- It must be capable of distinguishing the goods or services of one person from those of others;
- It must be in use or propose to be used in relation to goods or services;
- The use must be for the purpose of indicating or so as to indicate a connection in the course of trade between the goods or services, and some person having the right to use the mark either as proprietor or by way of permitted user as the case may be.
Grounds For Refusal Of Registration
The Act expressly lays down certain grounds on the basis of which the mark applied for registration may be refused registration, meaning thereby that the mark applied for registration if not hit by any of these grounds would qualify for registration. Theses grounds may be broadly categorized into following two heads:
1. Absolute Ground for Refusal of Registration
The Act expressly stipulates that the mark chosen for registration should not be a mark:
- which is devoid of any distinctive character viz. not capable of distinguishing the goods or services of one person from another;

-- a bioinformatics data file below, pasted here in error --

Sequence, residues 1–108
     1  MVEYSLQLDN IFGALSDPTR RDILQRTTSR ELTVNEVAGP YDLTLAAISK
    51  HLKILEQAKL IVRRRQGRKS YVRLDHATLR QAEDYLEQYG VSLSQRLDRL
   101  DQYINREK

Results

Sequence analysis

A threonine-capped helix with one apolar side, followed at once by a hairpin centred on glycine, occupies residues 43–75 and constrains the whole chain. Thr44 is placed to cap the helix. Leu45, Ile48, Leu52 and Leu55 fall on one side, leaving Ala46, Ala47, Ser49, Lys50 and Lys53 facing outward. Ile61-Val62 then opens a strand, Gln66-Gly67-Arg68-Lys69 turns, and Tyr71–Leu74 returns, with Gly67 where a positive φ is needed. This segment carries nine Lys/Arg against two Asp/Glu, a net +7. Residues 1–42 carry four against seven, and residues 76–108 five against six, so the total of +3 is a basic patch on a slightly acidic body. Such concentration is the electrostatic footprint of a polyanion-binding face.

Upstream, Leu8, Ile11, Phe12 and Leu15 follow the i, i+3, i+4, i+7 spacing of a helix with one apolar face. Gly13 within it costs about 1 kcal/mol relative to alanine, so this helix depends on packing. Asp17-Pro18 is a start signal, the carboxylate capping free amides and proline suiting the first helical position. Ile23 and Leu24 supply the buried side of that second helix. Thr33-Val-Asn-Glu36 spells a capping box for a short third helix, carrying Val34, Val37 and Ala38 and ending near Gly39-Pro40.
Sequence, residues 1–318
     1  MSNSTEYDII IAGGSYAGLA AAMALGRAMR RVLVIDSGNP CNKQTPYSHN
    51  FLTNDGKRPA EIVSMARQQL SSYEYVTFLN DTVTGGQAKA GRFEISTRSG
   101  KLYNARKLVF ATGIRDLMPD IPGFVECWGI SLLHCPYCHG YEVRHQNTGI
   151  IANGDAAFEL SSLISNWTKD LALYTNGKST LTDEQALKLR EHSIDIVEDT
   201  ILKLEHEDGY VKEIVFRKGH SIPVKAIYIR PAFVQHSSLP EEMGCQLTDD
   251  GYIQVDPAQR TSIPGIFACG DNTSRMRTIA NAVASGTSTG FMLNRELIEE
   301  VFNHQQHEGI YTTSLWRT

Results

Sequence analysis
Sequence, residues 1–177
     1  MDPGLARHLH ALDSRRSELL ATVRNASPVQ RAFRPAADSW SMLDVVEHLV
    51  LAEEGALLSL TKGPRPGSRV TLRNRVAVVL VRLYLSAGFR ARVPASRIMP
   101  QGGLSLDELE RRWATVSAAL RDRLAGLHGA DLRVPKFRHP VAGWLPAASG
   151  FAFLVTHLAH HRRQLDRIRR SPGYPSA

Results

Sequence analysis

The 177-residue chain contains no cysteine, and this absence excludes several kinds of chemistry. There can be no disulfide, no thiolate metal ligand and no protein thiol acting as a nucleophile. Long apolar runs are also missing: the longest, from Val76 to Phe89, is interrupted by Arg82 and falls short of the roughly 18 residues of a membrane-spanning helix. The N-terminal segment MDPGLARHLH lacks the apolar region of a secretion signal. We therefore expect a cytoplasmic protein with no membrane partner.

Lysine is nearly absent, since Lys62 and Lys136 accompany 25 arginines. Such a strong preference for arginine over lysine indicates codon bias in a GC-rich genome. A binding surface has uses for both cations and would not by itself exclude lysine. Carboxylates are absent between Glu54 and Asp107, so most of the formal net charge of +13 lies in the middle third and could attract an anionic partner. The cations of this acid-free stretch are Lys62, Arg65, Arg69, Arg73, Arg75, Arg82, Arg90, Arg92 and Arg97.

- which consists exclusively of marks or indications that may serve in trade to designate the kind, quality, quantity, intended purpose, value, geographical origin or the time of production of the goods or rendering of the services or other characteristics of the goods or services;
- which consists exclusively of marks or indications which have become customary in the current language or in the bona fide and established practice of the trade.
- which is of such a nature that may deceive public or cause confusion.
- which contains or comprises of any matter likely to hurt the religious susceptibilities of any class or section of the citizens of India.